Ramblers’ stately progress at Peak
THE Halton Ramblers travelled to the White Peak area of the Peak District National Park and to the charming market town of Bakewell.
One of the oldest market towns in the area, dating from at least 1300, it is still popular for its market today although Bakewell is probably most famous for its puddings or tarts.
The Rutland Arms overlooks the town square and is where the Bakewell pudding was invented in 1859.
The hostelry’s other claim to fame was that in 1804 Jane Austen visited the Rutland Arms, and in her novel Pride And Prejudice she has Elizabeth Bennett stopping here to to meet the Darcys and Mr Bingley.
The town is a good base to explore the surrounding area with its many attractions, notably Chatsworth House, Haddon Hall, the Monsal Trail and the many different routes which can be walked from the town.
All the walking groups started their walks from the town.
John Nickson led a 16-mile walk and headed out to Baslow for their climb to Baslow Edge, passing by Eagle Stone and Wellington’s Monument.
After crossing the A621 the group climbed to Gardom’s Edge and onto Dobb Edge.
Walking along an escarpment for several miles they descended into the valley following paths through Beesley and Calton Lees before reaching Bakewell.
The B walk of 13.5 miles was led by Phil Gregory, who had planned a route which went through the Chatsworth House estate.
Chatsworth House is home to the Duke and Duchess Of Devonshire, with beautiful vistas of the area, overlooking the River Derwent.
The group climbed behind the house before dropping to take the riverside path to Rowsley.
The next climb was to Stanton Moor where they passed the Nine Ladies Stone Circle.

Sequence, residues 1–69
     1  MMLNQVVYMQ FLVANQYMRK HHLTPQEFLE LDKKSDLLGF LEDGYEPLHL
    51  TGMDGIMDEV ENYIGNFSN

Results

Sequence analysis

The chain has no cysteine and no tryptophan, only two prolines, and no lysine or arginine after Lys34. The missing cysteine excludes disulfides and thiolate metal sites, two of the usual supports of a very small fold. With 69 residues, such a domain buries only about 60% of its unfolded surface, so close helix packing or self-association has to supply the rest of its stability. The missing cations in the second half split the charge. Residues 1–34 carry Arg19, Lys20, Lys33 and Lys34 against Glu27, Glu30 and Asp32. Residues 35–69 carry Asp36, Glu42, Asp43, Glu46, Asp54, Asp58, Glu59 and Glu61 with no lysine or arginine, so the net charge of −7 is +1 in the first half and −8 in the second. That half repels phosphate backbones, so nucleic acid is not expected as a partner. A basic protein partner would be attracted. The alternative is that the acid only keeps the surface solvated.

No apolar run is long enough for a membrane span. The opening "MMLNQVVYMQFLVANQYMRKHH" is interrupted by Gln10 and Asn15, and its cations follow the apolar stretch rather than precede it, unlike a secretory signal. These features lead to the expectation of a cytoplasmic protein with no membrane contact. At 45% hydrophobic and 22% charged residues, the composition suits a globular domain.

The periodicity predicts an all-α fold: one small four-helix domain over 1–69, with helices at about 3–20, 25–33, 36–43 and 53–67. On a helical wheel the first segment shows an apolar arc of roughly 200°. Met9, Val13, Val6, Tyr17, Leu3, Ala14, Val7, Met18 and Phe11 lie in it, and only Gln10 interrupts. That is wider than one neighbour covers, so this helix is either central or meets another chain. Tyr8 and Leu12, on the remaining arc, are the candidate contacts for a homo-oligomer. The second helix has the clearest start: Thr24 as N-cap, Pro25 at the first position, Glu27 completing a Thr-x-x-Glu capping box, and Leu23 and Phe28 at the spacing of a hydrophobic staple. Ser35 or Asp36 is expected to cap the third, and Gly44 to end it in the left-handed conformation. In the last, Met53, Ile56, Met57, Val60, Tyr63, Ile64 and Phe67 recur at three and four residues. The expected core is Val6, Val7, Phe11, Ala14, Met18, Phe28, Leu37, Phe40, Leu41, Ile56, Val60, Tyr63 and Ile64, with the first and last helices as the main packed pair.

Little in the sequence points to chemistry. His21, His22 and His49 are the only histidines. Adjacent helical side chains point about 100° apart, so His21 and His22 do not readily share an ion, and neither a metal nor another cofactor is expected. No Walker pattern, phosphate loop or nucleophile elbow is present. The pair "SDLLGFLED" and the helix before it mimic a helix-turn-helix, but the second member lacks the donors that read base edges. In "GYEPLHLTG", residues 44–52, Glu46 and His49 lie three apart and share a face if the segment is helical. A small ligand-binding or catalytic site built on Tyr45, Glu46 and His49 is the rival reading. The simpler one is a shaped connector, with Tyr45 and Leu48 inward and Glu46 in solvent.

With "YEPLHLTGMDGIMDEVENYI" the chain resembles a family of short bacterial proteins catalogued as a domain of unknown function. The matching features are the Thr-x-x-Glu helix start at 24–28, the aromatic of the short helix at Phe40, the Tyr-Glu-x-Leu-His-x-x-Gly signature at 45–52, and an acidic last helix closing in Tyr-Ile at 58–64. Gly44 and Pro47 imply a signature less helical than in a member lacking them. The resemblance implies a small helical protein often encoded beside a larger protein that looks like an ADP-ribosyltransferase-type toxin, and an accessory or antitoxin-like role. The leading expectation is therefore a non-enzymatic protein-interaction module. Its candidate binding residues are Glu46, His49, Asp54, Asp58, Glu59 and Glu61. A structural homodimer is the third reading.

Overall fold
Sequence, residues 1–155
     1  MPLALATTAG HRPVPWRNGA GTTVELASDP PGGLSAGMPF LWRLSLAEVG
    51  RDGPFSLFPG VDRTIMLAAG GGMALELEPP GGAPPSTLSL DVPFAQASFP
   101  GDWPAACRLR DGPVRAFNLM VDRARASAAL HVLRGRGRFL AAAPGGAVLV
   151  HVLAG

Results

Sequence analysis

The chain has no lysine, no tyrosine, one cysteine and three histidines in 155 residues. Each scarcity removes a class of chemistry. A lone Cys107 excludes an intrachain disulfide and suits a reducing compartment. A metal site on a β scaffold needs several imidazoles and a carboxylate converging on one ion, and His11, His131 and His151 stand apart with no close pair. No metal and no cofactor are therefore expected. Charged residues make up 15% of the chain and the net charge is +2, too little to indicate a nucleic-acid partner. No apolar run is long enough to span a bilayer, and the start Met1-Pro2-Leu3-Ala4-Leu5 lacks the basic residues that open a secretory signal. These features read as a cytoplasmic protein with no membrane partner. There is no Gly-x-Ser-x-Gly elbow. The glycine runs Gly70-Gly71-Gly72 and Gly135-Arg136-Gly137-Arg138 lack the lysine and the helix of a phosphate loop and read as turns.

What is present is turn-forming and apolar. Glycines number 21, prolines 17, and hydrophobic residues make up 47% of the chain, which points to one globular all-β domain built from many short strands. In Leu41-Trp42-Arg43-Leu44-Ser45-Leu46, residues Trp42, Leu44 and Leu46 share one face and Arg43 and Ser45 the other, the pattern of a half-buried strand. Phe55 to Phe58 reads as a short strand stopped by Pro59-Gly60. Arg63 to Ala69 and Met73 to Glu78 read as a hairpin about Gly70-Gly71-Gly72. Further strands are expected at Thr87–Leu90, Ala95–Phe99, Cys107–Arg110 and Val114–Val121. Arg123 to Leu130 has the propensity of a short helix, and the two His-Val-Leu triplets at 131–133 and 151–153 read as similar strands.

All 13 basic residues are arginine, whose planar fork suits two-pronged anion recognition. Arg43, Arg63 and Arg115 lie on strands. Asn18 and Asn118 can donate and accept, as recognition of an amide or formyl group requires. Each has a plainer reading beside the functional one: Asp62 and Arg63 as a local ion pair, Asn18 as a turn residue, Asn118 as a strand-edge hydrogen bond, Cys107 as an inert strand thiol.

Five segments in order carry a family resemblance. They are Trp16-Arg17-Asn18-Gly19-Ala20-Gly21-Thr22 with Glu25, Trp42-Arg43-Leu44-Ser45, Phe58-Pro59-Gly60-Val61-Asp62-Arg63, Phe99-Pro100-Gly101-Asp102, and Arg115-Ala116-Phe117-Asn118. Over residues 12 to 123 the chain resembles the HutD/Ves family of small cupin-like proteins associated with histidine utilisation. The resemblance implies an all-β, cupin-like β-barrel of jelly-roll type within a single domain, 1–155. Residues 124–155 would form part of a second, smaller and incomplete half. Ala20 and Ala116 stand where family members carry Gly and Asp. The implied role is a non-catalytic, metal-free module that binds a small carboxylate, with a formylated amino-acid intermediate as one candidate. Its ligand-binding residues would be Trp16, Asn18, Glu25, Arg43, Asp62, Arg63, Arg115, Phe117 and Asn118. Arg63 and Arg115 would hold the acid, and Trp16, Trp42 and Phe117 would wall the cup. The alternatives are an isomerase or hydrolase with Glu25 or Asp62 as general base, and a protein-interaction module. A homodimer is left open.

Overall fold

Legend has it that nine ladies were turned to stone for dancing on the Sabbath, and that the King Stone was the fiddler.
From here the group passed through Stanton Peak and Alport for their return to Bakewell.
Alan Roberts led his moderate C walk out of Bakewell to cross the golf course.
The golf course has a bell that walkers ring when crossing so the golfers know people are there.
Then there was a climb through Manner woods to the grandstand view of Chatsworth House and deer park.
The walkers then descended to Edensor.
The village had been relocated from the banks of the River Derwent in 1840 by the sixth Duke Of Devonshire because it spoilt the view from Chatsworth across the valley.
The group continued along the riverside path to Rowsley, then tracks and pastures back into Bakewell.
Richard Cage guided his group out of Bakewell and joined the picturesque riverside path along the River Wye to Haddon Hall. The hall is probably the finest example of a fortified medieval manor house in existence, the origins dating back to the 11th century.
The group had a short climb then to Over Haddon, and after a short break they headed back to Bakewell through fields and tracks.
It was a drizzly start to the day and a drizzly finish, but in-between the weather was great – so once again the ramblers were lucky to be able to enjoy the area’s delights.
Don’t sit at home, come and join us on our rambles by contacting the booking secretary on 07842 160 944 or look us up at www.nmc-ramblers.org.uk